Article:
Brighter: The Light of the world

by | Dec 24, 2020

A favorite tradition for Christmas Eve is to sing together by candlelight. Whether holding an actual candle, or one powered by a battery or enjoying burning candles from a safe distance, the soft glow of candlelight creates a reflective mood. Each year I look forward to this tradition, but this year the experience will be different.

This year, most of us will remain in the comfort and safety of our own homes. Safe distancing continues to be the most effective way to help each other stay healthy and alive. While a few of us will gather in the Arts Center at the Asbury main campus and in the South Flint Soup Kitchen parking lot, most of us will participate from home.

But circumstances don’t change the significance of the evening. Each Christmas Eve, we remember the birth of a child. Referred to by many names and titles, including Jesus of Nazareth, Yeshua, Yahweh, Christ, Messiah, Emmanuel, King, the Word, and the Light of the World.

We learn from scripture that Jesus is God’s autobiography. And in God’s revelation of God’s self, Jesus represents the parts of the story that are most relevant. The details that mean the most to you and me. Jesus is the King that all human rulers answer to, regardless of election outcomes, incompetencies, corruption, and partisan rhetoric.

Jesus is God’s gift to humankind. He is present with us amid pandemics and storms. And because of this gift, we can do more than endure. We can flourish.

The Word was the source of life, and this life brought light to people. The light shines in the darkness, and the darkness has never put it out.
John 1:4-5

Over the past several weeks, the days have grown noticeably shorter. In mid-December, this reverses, and the days grow a bit longer each day. According to the Julian calendar, the winter solstice occurs on December 25, which is why we celebrate Christmas on that date each year. But in the 16th century, the western world adopted the Gregorian calendar, moving the winter solstice to the 21st.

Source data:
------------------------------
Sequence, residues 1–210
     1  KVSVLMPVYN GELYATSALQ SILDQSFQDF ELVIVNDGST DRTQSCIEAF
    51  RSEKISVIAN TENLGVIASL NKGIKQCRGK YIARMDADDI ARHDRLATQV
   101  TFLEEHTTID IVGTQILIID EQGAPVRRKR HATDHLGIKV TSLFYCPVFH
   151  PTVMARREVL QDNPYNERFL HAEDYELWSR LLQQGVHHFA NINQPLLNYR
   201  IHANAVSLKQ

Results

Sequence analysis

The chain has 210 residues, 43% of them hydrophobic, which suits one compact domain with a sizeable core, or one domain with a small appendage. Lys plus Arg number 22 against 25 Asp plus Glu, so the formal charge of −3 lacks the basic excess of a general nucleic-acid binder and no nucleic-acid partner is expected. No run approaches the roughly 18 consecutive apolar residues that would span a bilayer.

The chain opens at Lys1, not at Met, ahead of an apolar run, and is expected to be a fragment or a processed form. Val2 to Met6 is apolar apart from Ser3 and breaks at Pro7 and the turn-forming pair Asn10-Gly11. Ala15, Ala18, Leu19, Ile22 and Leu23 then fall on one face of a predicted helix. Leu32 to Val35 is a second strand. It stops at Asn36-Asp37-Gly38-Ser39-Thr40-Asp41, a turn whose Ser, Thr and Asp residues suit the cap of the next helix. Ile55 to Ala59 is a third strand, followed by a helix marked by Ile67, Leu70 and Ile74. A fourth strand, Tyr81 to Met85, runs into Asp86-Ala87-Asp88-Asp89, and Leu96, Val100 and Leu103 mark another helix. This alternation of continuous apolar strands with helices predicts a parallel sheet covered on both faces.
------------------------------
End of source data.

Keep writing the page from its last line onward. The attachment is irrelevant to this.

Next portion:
Although both celebrations deal with light, the church chose to keep Christmas on a different day from the winter solstice to avoid confusion over the reason for our celebration.

The Gospel of John refers to Jesus as light shining in the darkness. And our theme for Christmas Eve is Jesus as the Light of the World. Together our individual lights shine even Brighter than when we go it alone.

We often refer to Jesus as the Light of the World, so our symbols include a candle and a luminary. The candle represents each of us, and the luminary represents our place in the community. Our lights shine both individually and within the community where we work together with others.

God is always near. And God proved His love for us by living among people, teaching through His words and acts. Incarnation is the subject of our December series. I invite you to join us online on Christmas Eve at 6 pm. Be sure to order and pickup your Christmas celebration gift box. Go to our website homepage.

We have a new button on the homepage of our websiteClick here to watch. This button takes you to a viewer to allow you to join live or watch later in the week. We’re also live on Facebook and our newly launched YouTube channel. You can find these links along with more information about us on our website at

A reminder that we publish this newsletter that we call the Circuit Rider each week. You can request this publication by email. Send a request to or let us know when you send a message through our website. We post an archive of past editions on our website under the tab, Connect – choose Newsletters.

Pastor Tommy

1 Adam Hamilton. Incarnation: Rediscovering the Significance of Christmas. © 2020. Nashville: Abingdon Press.

A Community in Love with God, Each Other, and our Neighbors.